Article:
[ kom-pri-hen-siv ]
/ ˌkɒm prɪˈhɛn sɪv /


of large scope; covering or involving much; inclusive: a comprehensive study of world affairs.
comprehending or thoroughly understanding with one's mind; having an extensive mental range or grasp, as of a particular subject or many subjects.
Insurance. covering or providing broad protection against loss.


Often comprehensives. Also called comprehensive examination. an examination of extensive coverage given to measure a student's general progress, proficiency in his or her major field of study, or the like.
the detailed layout of an advertisement, showing placement of photographs, illustrations, copy, etc., as for presentation to a client.Compare visual(def 7).

Nearby words

  1. comprador,
  2. comprehend,
  3. comprehendible,
  4. comprehensible,
  5. comprehension,
  6. comprehensive school,
  7. comprehensively,
  8. compress,
  9. compressed,
  10. compressed air

Origin of comprehensive

From the Late Latin word comprehēnsīvus, dating back to 1605–15. See comprehension, -ive

Related forms
Can be confusedcomprehensible comprehensive Unabridged Based on the Random House Unabridged Dictionary, © Random House, Inc. 2019

Examples from the Web for comprehensively

British Dictionary definitions for comprehensively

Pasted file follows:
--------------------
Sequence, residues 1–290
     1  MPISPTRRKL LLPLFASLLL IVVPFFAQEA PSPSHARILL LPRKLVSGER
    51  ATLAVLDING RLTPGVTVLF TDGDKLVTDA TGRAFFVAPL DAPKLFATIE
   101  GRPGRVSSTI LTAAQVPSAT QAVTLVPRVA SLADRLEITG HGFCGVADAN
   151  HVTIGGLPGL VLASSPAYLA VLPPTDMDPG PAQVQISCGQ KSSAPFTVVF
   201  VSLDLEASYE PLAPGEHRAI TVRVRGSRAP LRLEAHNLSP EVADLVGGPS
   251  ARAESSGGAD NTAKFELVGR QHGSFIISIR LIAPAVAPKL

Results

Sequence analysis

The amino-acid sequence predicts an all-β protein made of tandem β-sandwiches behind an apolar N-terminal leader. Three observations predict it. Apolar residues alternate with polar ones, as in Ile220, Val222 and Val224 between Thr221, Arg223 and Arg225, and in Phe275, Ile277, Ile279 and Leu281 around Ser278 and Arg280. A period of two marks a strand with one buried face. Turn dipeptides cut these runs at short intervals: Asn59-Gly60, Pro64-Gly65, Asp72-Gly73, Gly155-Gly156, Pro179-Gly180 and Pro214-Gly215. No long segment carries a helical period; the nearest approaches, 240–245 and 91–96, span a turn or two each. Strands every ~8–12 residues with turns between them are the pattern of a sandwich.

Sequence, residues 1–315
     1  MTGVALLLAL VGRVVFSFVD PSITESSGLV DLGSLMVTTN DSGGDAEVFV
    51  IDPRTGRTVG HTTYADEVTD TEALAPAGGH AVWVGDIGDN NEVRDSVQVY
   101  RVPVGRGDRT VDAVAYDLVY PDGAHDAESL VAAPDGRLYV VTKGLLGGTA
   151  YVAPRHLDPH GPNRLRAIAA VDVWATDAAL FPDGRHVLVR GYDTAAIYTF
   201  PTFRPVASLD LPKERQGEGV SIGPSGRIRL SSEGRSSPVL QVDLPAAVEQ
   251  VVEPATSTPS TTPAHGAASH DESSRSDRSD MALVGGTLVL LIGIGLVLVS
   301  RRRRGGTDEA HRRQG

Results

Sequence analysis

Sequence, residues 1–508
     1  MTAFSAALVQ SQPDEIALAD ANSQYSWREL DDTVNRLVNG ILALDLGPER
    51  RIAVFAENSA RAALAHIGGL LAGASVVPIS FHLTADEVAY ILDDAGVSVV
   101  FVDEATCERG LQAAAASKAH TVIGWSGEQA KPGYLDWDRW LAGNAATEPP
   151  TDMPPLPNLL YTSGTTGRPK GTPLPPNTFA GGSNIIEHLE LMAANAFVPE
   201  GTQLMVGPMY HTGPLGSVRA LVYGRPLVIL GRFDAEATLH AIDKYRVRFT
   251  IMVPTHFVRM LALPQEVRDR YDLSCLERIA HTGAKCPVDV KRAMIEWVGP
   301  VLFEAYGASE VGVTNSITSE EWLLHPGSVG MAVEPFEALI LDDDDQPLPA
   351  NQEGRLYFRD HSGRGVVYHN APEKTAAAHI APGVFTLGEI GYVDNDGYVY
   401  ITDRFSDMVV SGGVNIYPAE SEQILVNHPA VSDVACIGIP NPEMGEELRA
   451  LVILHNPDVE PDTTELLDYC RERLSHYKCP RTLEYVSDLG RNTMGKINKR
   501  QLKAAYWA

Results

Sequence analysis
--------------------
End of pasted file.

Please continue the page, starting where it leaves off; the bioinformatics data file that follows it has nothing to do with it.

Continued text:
/ (ˌkɒmprɪˈhɛnsɪv) /


of broad scope or content; including all or much
(of a car insurance policy) providing protection against most risks, including third-party liability, fire, theft, and damage
having the ability to understand
of, relating to, or being a comprehensive school


Derived Formscomprehensively, adverbcomprehensiveness, noun

Collins English Dictionary - Complete & Unabridged 2012 Digital Edition © William Collins Sons & Co. Ltd. 1979, 1986 © HarperCollins Publishers 1998, 2000, 2003, 2005, 2006, 2007, 2009, 2012

Word Origin and History for comprehensively



"containing much," 1610s, from French comprehénsif, from Late Latin comprehensivus, from comprehens-, past participle stem of Latin comprehendere (see comprehend). Related: Comprehensively (mid-15c.); comprehensiveness.

Online Etymology Dictionary, © 2010 Douglas Harper